Keeping the White House White

It begins with a lie. A lie so outrageous, so preposterous it titillates simple minds andWhite House seduces those who should know better because they want to believe the lie. The lie is crucial because it serves an important purpose — to delegitimize. The lie can subvert and undermine legal authorities, as in, “The president was born in Kenya.” Regardless of birth certificates provided, the lie plays to racist fears of a black man being president. The lie keeps embers of hatred simmering while maintaining the father of the lie in the spotlight, gaslighting as the self-professed crusader for truth.

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Can White People Teach Latinx Studies?

dc6ae-6a016301e4b359970d01b8d276f49b970c-150wiRemember the composition of religion departments back during the 1960s? They predominately and unapologetically consisted of white males – especially the so-called Ivies. Now imagine if one of these schools, realizing the need for different perspectives, decided that they wanted to have a feminist viewpoint taught in their department. A search committee would be formed, advertisements placed, interviews conducted, and after an academic year of deliberation, the most qualified candidate would be hired – probably a white man whose Ph.D. dissertation somewhat dealt with a few aspects concerning women’s issues. Even though several women steeped in feminist thought applied for the position, it would not be too surprising if a man would have been hired. So, allow me to rephrase my question: Can a man teach Women’s Studies?

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No, I am not an angry Latino

Breaking BadOccupying a Latino male body in the academy is a continuous challenge where not a day goes by in which I am not reminded that I am an outsider, that this space I occupy within the ivory tower is a space never intended for me. To occupy this space, I am forced to be fluent in the way white folk think, philosophize and theorize. Any attempt to ground my theological view in my cultural context is dismissed as quaint, unscholarly or exotic. I would never have been granted a Ph.D. if I were not competent in Hegel, Barth or Moltmann. And yet, my white colleagues are deemed rigorous scholars without ever having to read Martí, Unamuno or Sor Juana Inés de la Cruz.

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Interfaith Relations and the Pursuit of Justice

Neoliberalism as a religious movement is an economic doctrine that can only be accepted by faith. This neoliberal faith is based on the poR&E SAGE coverwer amassed by a decentralized network of institutions, and the militarily “advanced” nations it profits, which in turn verifies the universality of its economic doctrines. There can be no salvation outside the global market forces of “free trade.” An alternative to the spirit of neoliberalism can be found within the faith of the people. Within the present post-modern condition, a space has been opened—perhaps inadvertently—for the sacred. In this space, the faith and/or spirituality of the people can directly challenge global capitalism. The alternative to neoliberalism, the hope for the vast majority of the world’s population, will be found within their own faith traditions—specifically, how those faith traditions equip the marginalized within their midst to seek their own liberation. Although the actual tenets of any faith are important, the poor and disenfranchised usually approach their faith tradition differently than those who usually serve as the academic or ecclesiastic spokespersons of the faith. Any attempt to understand the faith of the people from the margins of the community will find itself rooted in the everyday, attempting to discover how their faith provides the means of surviving the condition of their disenfranchisement.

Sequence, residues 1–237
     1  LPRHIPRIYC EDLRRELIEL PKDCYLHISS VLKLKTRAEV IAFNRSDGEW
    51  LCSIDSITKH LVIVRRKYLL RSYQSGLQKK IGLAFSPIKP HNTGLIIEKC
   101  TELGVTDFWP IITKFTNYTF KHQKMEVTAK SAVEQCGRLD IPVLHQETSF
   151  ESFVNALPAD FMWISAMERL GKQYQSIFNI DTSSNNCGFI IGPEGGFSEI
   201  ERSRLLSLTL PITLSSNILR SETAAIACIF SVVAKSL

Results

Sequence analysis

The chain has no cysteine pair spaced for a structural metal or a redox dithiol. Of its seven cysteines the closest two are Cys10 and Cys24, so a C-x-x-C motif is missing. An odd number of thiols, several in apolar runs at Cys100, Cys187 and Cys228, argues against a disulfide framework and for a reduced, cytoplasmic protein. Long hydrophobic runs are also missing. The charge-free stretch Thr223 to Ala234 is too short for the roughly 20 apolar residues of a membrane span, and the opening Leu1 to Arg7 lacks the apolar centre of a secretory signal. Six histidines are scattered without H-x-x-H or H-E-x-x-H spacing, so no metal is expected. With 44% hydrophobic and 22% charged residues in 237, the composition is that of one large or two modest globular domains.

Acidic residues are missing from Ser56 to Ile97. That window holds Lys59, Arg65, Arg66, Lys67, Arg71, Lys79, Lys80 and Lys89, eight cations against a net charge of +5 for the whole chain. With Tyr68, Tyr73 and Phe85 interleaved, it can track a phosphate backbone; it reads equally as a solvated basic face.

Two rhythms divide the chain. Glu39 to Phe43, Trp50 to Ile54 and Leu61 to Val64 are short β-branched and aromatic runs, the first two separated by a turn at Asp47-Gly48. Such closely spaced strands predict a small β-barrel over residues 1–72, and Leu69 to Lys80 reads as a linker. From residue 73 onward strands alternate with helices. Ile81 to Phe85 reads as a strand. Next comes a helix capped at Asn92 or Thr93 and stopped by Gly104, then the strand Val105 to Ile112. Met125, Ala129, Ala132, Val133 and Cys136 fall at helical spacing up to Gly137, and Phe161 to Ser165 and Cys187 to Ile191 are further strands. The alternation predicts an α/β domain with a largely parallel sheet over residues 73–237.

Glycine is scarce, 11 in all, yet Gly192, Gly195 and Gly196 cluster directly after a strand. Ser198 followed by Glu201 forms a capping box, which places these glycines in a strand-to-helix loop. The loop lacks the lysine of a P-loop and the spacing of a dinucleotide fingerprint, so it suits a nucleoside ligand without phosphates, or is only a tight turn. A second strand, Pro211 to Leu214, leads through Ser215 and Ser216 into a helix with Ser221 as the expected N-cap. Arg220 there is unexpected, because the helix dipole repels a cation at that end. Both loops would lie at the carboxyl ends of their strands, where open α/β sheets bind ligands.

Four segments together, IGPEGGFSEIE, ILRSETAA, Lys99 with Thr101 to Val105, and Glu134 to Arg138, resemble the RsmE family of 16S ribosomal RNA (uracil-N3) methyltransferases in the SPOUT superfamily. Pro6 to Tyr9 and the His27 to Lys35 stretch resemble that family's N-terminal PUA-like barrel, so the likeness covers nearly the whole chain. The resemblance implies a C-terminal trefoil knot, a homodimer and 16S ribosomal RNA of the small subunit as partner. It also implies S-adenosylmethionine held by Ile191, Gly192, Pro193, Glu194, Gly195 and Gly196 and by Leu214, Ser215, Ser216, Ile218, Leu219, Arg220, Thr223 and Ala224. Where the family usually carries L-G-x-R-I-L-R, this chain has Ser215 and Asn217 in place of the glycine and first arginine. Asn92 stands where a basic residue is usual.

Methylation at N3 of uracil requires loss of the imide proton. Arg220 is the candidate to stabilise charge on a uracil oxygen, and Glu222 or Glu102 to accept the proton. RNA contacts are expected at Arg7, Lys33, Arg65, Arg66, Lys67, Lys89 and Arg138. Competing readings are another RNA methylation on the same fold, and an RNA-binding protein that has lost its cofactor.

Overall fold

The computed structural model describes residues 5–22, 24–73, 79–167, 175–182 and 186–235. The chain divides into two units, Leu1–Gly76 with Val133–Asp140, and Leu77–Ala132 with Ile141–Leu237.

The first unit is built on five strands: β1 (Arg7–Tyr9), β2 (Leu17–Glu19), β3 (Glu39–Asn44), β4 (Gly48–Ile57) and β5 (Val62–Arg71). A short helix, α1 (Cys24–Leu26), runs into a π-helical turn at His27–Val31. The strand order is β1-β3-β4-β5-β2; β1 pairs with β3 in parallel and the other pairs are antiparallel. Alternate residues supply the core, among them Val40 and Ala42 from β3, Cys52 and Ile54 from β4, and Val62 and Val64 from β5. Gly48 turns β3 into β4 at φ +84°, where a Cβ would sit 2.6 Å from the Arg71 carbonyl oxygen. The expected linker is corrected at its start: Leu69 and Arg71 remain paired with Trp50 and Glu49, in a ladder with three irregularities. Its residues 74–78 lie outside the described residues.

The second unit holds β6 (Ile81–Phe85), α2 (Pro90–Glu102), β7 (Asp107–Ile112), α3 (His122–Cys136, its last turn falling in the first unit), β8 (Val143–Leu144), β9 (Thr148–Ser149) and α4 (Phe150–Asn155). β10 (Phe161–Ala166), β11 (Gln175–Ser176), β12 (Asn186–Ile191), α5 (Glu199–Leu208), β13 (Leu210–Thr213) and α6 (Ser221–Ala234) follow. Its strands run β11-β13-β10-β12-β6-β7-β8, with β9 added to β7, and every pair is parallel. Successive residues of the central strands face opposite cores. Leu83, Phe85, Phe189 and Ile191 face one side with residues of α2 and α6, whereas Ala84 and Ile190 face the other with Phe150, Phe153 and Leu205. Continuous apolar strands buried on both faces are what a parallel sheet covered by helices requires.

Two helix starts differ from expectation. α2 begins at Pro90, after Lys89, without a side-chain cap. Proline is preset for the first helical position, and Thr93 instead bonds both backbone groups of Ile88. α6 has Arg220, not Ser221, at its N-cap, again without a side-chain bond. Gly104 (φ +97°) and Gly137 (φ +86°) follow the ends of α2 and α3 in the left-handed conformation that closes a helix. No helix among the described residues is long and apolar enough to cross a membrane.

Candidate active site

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Podcast on Immigration

BrewTheoblackwhitelogoWhat religious considerations should inform the current immigration discussion? Are you ready for leading liberation theologian, professor of social ethics and Latinx studies at Iliff Seminary to brew some rad theology? In Episode 44 of the Brew Theology Podcast Janel, Liz, Kyle, Ryan & Stef get to talk with Dr. Miguel De La Torre on the US Immigration Crisis, and what De La Torre calls an ethics toward place. Miguel is on Episode 8 as well. Back in Episode 8, Dr. De La Torre speaks about his theology of hopelessness, and “para joder” (Spanish for “screwing with”).

Listen to the podcast here

Even Monsters Pet Dogs: Grappling with Evil

IMG_4818Currently, I am living in Germany as a Fulbright scholar at Johannes Gutenberg University. During my time here, I have visited concentration camps, attempting to understand how an advance and civilized society, a culture which gave the world Beethoven, Luther and Klee, could also mechanize some of the greatest atrocities of the 20th century.

Rather than wrestling with evil, it becomes easier to simply dismiss Nazi concentration guards as monsters. Constructing monsters simplifies our visceral response. But even monsters pet dogs. It is so easy to characterize the abuser as inhuman, as lacking any sense of loving emotions. Simple binaries of good and evil makes inhumane those placed under the label of evil.

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